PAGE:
This was a wild ride. At many points while reading I was sort of reminded of House of Leaves by Mark Danielewski – although this was not nearly as physical a book as that one. It was genuinely creepy throughout. I’m a little disappointed I didn’t get to this one in the late fall, as it has excellent horror-vibes. It’s also a really fascinating depiction of grief, nailing the surrealism of mourning a loved one.
The story begins with Vera’s funeral, so it’s not a spoiler to say that this is a story about a man, Thiago, mourning his wife. How she dies is a bit of a mystery at first, but this book isn’t interested in presenting and solving a pat mystery. Instead, this book is a letter to Vera, with many purposes (as we discover throughout the text). Thiago is purging some important memories of his time with Vera. The blurb on the cover will tell you that the creepiness in Vera and Thiago’s life begins before her death – it seems to start when they move into their new home together, and get an Itza (a very Alexa-like creation that responds to voice commands and essentially runs all the tech in your home). The horror of such devices is really ramped up here, and even before Vera dies both she and Thiago are experiencing some really strange moments – a pocket of cold air here, a bump in the night there. The source of the paranormal activity is unclear, but Itza seems to be responding to commands this couple doesn’t remember stating.
As Thiago grieves, he makes some attempts to move on (some more literal, like physically moving across the country). But the strange events continue to follow him, and when he realizes he cannot escape what is happening he attempts to face it head on. The horror in this novel seeps in – it’s not overt, as in “This Itza sure is evil!” but much more subtle. There’s hints of supernatural, but for me the most effecting are the moments where you question whether it was supernatural at all. There are some moments where the reader more or less HAS to acknowledge something is UP with this guy – but there are also plenty of moments that are just based on the horror of how things happen in the real world (violence, accidents, in-laws, these all plague us to a certain extent without the assistance of demons).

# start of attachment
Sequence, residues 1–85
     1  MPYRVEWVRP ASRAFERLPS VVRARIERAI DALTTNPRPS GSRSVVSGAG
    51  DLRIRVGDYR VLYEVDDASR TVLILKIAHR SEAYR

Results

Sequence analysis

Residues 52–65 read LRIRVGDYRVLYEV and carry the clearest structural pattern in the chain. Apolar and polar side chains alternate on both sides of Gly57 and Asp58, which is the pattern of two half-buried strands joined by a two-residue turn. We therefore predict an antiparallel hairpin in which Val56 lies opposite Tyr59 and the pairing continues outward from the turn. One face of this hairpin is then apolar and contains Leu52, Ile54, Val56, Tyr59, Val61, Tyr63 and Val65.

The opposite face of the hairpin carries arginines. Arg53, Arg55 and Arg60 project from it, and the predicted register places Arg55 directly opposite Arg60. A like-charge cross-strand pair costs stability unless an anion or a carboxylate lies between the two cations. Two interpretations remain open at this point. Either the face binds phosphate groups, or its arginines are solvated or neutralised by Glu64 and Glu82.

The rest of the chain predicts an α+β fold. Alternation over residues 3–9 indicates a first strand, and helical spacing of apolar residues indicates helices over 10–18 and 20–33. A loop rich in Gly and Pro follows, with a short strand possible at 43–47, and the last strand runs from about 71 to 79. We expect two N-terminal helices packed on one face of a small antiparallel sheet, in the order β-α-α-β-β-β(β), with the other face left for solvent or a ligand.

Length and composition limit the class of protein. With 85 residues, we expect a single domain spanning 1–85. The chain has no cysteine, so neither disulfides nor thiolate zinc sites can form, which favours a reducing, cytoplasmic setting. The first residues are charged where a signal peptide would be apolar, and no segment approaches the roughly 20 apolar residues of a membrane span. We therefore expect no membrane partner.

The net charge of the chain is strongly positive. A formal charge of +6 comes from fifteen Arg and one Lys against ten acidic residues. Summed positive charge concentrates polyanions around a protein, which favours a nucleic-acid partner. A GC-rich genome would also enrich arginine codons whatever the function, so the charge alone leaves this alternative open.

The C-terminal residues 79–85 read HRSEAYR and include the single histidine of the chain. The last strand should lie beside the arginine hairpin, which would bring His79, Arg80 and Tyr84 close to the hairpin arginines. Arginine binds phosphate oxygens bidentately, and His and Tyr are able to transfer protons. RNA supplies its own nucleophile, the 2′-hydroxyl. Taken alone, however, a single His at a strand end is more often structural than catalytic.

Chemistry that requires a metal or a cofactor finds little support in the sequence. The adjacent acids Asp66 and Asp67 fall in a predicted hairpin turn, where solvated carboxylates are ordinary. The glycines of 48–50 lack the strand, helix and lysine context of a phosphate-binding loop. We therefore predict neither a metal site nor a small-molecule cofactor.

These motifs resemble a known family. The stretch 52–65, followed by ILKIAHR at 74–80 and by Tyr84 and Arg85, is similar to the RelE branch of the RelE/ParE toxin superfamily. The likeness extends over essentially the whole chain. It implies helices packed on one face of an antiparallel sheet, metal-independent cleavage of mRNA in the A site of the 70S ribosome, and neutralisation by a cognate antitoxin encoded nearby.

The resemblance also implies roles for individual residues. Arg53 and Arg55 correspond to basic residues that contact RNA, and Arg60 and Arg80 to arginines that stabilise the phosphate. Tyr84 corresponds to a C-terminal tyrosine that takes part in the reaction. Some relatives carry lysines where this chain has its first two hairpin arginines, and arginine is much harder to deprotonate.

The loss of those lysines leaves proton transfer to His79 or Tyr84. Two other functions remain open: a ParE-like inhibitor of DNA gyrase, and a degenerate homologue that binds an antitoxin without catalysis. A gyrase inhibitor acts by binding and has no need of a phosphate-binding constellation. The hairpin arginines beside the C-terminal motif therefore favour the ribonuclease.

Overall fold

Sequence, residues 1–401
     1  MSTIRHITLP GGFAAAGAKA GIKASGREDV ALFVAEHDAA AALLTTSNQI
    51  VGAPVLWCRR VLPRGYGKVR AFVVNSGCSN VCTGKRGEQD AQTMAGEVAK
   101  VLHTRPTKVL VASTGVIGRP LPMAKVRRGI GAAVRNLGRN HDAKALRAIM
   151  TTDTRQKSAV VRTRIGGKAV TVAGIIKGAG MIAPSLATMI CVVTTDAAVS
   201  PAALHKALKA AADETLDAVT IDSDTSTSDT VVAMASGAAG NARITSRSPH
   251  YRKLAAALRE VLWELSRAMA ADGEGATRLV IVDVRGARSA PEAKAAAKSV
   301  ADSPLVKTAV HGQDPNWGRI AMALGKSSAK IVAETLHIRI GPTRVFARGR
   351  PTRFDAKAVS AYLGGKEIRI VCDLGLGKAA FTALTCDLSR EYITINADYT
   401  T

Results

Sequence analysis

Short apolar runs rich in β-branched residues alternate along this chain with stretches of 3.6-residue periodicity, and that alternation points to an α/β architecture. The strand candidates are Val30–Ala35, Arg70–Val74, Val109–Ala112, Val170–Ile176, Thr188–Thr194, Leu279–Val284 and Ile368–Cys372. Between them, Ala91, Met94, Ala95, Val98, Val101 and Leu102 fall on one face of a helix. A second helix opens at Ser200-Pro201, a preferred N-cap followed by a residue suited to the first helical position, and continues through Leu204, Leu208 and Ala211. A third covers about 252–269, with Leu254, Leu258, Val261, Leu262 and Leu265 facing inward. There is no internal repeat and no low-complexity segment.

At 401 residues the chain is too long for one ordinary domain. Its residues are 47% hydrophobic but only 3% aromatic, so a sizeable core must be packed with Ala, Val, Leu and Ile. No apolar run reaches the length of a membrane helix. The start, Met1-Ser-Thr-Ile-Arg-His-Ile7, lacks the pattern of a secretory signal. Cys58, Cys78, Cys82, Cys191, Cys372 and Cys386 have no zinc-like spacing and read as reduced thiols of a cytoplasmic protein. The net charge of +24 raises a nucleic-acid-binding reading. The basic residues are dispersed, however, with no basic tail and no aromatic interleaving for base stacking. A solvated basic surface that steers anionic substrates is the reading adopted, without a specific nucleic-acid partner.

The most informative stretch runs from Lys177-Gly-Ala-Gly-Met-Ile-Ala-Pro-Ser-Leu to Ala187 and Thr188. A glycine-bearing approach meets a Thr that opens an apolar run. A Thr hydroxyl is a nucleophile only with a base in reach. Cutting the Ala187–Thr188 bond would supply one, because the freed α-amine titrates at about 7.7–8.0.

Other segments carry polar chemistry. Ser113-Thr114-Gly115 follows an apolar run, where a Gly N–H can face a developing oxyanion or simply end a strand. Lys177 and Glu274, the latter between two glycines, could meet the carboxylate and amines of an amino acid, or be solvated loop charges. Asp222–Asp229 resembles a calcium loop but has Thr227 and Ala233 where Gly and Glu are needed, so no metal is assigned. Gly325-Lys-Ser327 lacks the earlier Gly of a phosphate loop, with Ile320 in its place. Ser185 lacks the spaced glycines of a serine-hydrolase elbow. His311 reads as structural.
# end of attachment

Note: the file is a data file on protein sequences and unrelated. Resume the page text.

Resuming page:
This atmospheric horror novel worked well for me, but I think it helps to know it’s a bit more atmospheric. There’s moments of action, but the horror is lodged a bit more internally – much like a string, you might have to PULL ME OUT PULL ME OUT PULL ME OUT PULL ME OUT PULL ME OUT